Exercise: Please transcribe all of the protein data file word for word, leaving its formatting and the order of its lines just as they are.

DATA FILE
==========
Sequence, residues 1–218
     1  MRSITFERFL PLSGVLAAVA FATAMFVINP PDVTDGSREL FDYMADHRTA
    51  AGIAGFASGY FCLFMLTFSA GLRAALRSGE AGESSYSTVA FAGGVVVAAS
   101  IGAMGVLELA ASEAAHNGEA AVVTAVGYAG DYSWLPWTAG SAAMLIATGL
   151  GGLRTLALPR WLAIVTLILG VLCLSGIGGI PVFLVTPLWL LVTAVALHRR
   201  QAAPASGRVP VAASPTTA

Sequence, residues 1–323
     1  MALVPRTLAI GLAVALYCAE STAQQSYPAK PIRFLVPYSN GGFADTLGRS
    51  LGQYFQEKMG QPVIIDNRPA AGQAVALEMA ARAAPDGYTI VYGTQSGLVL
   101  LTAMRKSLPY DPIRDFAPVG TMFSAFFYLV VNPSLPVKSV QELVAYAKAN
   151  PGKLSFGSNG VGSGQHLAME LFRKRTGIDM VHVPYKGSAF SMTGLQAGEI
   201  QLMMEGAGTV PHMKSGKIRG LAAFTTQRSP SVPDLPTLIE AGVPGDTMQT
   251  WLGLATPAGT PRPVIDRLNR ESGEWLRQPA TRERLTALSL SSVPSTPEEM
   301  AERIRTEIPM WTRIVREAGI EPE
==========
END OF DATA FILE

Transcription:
Sequence, residues 1–218
     1  MRSITFERFL PLSGVLAAVA FATAMFVINP PDVTDGSREL FDYMADHRTA
    51  AGIAGFASGY FCLFMLTFSA GLRAALRSGE AGESSYSTVA FAGGVVVAAS
   101  IGAMGVLELA ASEAAHNGEA AVVTAVGYAG DYSWLPWTAG SAAMLIATGL
   151  GGLRTLALPR WLAIVTLILG VLCLSGIGGI PVFLVTPLWL LVTAVALHRR
   201  QAAPASGRVP VAASPTTA

Sequence, residues 1–323
     1  MALVPRTLAI GLAVALYCAE STAQQSYPAK PIRFLVPYSN GGFADTLGRS
    51  LGQYFQEKMG QPVIIDNRPA AGQAVALEMA ARAAPDGYTI VYGTQSGLVL
   101  LTAMRKSLPY DPIRDFAPVG TMFSAFFYLV VNPSLPVKSV QELVAYAKAN
   151  PGKLSFGSNG VGSGQHLAME LFRKRTGIDM VHVPYKGSAF SMTGLQAGEI
   201  QLMMEGAGTV PHMKSGKIRG LAAFTTQRSP SVPDLPTLIE AGVPGDTMQT
   251  WLGLATPAGT PRPVIDRLNR ESGEWLRQPA TRERLTALSL SSVPSTPEEM
   301  AERIRTEIPM WTRIVREAGI EPE